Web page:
evening, I sent this email to a list devoted to war tax resistance:
It’s sure been hard to drum up much interest for tax resistance over these last several months. Everybody’s been so wound up about the election and how important it is that it’s made everything else seem like a distraction.
Now that’s over, and the people who last week were telling us to please, please, please vote for the fellow who voted for the Patriot Act and the war resolution (and to please save our funny ideas for the annual April 15th war tax resistance fifteen-minutes-of-fame show), are now shuffling around like war refugees themselves, feeling angry and repentant and wondering what to do next.
Meanwhile, the people who covered up Guernica at the U.N. Security Council are planning to paint a new one in Falluja.
We have an opportunity now to reach out and say “you tried voting for the lesser of two evils, and you put your heart into it, but there’s a stronger vote you can cast every day and we can help show you how.”
On , the Republicans extended their control of Congress, Dubya retained his control of the White House, and the majority of voters condoned and even vindicated the belligerence and disregard for life and liberty that has been on display for the last four years. But as awful is that millions of people who should know better woke up on and cast another vote — to continue sending their money to be spent by that terrible bunch.
I feel like we need to challenge these people. I’m in no mood to join another Bay Area protest march with the same old “People! United!” marching under the banner of “Our Opinions Sure Are Right!”
Next time there’s a march, I want to see us marching upstream, with signs saying “And When You’re Serious About It, Get Back To Us!”
Meanwhile, the time to turn up our volume is right now — the gut-felt anguish of these voters hasn’t gone away yet and we’ve got what they’re looking for.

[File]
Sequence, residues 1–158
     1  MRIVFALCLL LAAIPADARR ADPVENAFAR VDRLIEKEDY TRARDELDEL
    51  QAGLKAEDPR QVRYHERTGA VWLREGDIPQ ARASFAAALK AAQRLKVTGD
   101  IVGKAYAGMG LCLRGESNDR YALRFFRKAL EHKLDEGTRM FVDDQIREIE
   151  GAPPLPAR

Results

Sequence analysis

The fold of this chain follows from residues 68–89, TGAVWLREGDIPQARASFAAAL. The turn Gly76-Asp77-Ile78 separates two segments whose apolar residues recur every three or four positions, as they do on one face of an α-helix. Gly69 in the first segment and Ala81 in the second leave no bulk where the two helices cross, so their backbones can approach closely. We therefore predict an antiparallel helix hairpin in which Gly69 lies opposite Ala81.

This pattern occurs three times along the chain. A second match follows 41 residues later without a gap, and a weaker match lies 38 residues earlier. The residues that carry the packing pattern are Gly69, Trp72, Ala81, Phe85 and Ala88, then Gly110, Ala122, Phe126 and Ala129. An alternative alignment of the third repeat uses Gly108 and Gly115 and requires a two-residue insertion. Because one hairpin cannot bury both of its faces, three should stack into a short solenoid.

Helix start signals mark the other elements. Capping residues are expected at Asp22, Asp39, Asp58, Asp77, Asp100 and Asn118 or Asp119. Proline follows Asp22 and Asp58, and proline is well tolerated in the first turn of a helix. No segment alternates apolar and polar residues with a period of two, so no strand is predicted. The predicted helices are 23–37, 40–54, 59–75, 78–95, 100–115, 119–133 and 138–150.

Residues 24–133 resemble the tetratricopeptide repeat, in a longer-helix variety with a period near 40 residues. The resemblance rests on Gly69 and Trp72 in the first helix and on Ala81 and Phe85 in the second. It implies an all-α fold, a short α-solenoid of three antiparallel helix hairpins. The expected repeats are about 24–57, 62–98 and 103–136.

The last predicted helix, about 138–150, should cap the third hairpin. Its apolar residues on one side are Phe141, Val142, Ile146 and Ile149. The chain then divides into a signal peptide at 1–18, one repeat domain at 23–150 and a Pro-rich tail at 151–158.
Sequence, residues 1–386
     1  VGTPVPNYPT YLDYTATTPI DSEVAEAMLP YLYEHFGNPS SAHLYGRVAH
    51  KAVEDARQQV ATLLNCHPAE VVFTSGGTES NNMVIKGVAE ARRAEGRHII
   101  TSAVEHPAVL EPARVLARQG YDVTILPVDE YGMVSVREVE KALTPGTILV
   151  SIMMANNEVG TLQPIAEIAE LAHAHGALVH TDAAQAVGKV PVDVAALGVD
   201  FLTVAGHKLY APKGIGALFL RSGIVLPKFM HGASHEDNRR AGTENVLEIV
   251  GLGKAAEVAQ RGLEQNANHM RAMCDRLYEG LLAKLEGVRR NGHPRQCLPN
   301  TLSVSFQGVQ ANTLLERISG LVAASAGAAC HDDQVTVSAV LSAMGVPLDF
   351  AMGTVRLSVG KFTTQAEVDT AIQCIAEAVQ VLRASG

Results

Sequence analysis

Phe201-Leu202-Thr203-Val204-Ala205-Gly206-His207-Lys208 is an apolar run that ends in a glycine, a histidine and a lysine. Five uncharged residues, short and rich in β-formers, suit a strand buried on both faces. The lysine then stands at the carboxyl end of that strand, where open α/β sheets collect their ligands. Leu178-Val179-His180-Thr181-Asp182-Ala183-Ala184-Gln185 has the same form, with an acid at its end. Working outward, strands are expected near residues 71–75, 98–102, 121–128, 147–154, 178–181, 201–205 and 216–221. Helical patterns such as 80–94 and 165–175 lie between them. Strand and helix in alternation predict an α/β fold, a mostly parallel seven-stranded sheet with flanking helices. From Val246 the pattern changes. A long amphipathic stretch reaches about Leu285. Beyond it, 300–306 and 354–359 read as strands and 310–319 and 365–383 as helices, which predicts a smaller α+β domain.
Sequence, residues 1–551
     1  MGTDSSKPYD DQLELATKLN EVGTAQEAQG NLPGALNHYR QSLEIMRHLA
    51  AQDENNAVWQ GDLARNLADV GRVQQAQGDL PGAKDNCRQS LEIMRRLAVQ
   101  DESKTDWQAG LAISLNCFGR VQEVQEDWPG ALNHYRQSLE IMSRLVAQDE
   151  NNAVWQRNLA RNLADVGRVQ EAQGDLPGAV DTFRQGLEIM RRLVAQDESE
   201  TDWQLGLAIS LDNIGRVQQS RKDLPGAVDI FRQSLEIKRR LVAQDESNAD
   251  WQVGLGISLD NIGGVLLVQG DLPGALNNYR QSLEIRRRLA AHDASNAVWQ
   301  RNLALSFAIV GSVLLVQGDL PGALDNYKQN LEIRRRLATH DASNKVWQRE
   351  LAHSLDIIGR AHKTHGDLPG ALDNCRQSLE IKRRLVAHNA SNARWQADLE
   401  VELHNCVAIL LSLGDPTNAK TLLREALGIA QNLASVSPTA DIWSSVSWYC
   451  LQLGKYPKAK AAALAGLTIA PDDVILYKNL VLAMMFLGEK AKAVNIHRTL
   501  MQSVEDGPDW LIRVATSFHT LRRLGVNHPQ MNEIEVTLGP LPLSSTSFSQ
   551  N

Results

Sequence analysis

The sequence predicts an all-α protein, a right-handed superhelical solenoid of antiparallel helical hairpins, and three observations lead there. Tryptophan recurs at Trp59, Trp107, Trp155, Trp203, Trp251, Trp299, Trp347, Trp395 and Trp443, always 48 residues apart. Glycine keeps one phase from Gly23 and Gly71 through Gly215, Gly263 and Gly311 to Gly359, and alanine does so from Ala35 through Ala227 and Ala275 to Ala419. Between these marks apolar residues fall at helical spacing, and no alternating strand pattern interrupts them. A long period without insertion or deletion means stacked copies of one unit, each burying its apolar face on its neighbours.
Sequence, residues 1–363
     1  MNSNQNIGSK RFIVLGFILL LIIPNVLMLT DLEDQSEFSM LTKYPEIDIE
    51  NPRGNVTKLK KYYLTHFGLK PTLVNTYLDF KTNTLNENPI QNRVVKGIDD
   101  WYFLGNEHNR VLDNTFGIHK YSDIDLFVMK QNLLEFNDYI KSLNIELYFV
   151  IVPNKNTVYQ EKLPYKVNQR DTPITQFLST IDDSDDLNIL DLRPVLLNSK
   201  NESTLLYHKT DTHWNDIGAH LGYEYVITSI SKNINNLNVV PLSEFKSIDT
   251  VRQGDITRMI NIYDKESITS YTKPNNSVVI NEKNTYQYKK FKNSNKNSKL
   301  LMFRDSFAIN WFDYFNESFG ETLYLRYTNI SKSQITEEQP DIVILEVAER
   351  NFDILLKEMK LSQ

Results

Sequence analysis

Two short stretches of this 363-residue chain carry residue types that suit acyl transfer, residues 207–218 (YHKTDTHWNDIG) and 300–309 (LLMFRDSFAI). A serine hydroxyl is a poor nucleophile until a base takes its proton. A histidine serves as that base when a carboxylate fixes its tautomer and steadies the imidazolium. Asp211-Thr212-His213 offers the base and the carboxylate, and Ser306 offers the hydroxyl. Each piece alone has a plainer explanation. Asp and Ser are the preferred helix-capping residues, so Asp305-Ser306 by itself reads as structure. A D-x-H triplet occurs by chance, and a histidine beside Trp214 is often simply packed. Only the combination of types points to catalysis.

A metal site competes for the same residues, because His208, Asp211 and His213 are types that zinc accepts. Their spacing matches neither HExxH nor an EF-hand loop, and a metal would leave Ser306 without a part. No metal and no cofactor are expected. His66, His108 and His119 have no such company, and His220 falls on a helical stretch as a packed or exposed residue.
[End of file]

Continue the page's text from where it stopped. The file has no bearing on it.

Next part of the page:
I appended an excerpt from Thoreau’s Resistance to Civil Government that seemed to speak extremely well to today’s election aftermath from a perspective (I’ve taken the liberty of chopping paragraphs more finely than in the original, for ease of on-line reading):
I quarrel not with far-off foes, but with those who, near at home, co-operate with, and do the bidding of, those far away, and without whom the latter would be harmless.
We are accustomed to say, that the mass of men are unprepared; but improvement is slow, because the few are not materially wiser or better than the many. It is not so important that many should be good as you, as that there be some absolute goodness somewhere; for that will leaven the whole lump.
There are thousands who are in opinion opposed to slavery and to the war, who yet in effect do nothing to put an end to them; who, esteeming themselves children of Washington and Franklin, sit down with their hands in their pockets, and say that they know not what to do, and do nothing; who even postpone the question of freedom to the question of free trade, and quietly read the prices-current along with the latest advices from Mexico, after dinner, and, it may be, fall asleep over them both. What is the price-current of an honest man and patriot today? They hesitate, and they regret, and sometimes they petition; but they do nothing in earnest and with effect. They will wait, well disposed, for others to remedy the evil, that they may no longer have it to regret.
At most, they give up only a cheap vote, and a feeble countenance and Godspeed, to the right, as it goes by them…
All voting is a sort of gaming, like checkers or backgammon, with a slight moral tinge to it, a playing with right and wrong, with moral questions; and betting naturally accompanies it. The character of the voters is not staked. I cast my vote, perchance, as I think right; but I am not vitally concerned that that right should prevail. I am willing to leave it to the majority. Its obligation, therefore, never exceeds that of expediency.